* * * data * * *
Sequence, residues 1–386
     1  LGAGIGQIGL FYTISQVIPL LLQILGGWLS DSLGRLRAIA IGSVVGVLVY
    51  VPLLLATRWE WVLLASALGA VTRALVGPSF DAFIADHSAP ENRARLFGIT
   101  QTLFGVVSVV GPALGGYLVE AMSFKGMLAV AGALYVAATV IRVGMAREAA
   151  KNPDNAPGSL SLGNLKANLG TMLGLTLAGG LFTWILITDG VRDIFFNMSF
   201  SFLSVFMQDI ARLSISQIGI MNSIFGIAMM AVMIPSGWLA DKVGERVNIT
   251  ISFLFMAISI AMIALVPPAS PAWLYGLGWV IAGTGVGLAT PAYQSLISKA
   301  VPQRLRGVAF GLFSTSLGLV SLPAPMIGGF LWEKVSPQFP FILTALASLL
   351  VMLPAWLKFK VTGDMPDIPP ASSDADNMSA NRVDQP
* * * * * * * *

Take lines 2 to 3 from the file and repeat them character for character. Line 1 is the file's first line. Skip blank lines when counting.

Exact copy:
     1  LGAGIGQIGL FYTISQVIPL LLQILGGWLS DSLGRLRAIA IGSVVGVLVY
    51  VPLLLATRWE WVLLASALGA VTRALVGPSF DAFIADHSAP ENRARLFGIT